Overall satisfaction in 2015 averaged 763, unchanged since 2014.

The J.D. Power study focused only on the largest firms in the space, and so did not include digital wealth management startups such as Robinhood, which targets self-directed investors by offering free stock trading via its iPhone app.

J.D. Power’s survey underscored the fact that low-cost trades, fast and reliable trade execution and investment-related research have become table stakes. Self-directed investors want – and often expect – more from their firm than that, according to the study.

‘CONTINUING TREND’

Foy said even those investors not looking for a full-service one-on-one advisor relationship are increasingly looking for a guidance to help them establish and track performance against their personal financial goals.

A key finding for financial services executives is that investors with guidance-based relationships are much more likely to recommend their firm to friends and family and invest additional capital with the firm.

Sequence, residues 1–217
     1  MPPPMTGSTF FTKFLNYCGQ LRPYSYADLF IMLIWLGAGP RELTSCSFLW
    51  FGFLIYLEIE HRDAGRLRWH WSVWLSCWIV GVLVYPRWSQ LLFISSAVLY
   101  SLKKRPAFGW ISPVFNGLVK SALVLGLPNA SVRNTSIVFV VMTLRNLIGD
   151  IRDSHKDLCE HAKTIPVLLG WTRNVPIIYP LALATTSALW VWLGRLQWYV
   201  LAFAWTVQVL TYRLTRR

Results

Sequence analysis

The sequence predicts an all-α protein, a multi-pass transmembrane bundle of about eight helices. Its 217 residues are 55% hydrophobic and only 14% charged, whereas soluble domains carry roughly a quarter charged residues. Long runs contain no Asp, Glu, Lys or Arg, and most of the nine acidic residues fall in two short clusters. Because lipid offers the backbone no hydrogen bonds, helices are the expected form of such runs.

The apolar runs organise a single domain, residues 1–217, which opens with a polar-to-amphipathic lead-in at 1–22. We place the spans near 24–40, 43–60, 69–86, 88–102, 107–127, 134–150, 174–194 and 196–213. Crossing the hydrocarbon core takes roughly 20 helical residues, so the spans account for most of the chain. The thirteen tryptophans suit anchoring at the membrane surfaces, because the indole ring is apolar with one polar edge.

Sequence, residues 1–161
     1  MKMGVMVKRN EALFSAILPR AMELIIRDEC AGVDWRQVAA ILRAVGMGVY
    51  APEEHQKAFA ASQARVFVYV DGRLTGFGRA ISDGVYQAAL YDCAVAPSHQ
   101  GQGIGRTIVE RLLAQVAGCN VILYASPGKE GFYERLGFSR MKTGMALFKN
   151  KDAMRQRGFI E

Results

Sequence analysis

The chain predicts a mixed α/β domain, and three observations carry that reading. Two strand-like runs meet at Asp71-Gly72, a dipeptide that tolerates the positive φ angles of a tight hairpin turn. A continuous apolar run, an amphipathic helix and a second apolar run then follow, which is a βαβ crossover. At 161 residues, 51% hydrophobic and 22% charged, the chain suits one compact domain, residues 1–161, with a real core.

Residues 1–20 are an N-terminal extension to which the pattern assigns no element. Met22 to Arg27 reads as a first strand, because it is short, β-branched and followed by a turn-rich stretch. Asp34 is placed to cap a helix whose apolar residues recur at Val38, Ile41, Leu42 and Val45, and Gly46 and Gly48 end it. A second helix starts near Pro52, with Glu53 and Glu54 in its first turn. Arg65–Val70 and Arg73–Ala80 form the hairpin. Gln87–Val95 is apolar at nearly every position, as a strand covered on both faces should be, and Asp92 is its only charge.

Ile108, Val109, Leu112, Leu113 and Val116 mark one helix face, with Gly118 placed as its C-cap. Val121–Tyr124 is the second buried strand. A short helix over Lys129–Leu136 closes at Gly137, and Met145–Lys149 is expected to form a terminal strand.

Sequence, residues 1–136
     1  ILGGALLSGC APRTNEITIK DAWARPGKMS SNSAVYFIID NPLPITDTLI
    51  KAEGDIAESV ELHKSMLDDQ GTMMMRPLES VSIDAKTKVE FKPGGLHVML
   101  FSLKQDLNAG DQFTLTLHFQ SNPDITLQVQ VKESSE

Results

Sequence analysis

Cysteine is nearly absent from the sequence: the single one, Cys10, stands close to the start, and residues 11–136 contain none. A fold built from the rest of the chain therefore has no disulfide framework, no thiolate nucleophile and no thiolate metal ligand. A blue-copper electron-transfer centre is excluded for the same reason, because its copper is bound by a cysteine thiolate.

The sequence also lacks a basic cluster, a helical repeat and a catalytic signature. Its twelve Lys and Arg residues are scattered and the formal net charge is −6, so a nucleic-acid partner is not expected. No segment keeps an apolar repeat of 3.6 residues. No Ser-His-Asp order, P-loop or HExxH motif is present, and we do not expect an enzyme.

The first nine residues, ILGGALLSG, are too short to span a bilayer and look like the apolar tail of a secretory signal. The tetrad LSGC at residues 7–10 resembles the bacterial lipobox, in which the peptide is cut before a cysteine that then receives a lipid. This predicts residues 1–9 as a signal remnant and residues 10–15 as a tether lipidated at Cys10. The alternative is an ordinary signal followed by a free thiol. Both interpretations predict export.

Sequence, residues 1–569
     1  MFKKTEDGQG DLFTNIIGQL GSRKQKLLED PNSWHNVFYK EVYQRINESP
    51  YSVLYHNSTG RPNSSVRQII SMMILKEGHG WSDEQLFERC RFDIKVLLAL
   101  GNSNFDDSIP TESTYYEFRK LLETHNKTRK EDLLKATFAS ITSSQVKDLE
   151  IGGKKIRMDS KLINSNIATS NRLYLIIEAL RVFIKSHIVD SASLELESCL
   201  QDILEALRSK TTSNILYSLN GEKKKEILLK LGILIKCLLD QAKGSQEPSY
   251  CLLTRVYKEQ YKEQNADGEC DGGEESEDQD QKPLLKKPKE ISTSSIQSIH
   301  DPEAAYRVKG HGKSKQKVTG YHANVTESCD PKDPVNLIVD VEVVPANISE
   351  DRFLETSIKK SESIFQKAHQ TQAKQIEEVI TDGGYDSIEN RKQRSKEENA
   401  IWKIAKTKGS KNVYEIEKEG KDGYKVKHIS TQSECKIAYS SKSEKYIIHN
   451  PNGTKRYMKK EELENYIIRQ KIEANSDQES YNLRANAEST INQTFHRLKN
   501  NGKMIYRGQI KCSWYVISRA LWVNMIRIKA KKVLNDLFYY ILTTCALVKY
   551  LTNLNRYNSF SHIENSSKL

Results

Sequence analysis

“The biggest takeaway is a continuing trend in this space where investors are really expecting more in terms of guidance,” said. “Even though they’re self-directed investors, they’re not just looking for low fees and a trading platform that’s fast and reliable – they’re raising the bar in terms of what they’re expecting from providers.”

The J.D. Power report outlined three pillars of successful financial guidance-based relationships: effective communications, relevant educational resources and a comprehensive, user-friendly suite of digital tools that help investors with financial planning, portfolio management and k keeping track of their investments.

Foy said firms that can effectively cultivate those relationships are more likely to satisfy clients and potentially retain them over the long term, which is especially important with younger clients such as Millennials as their assets grow and their financial needs become more complex over time.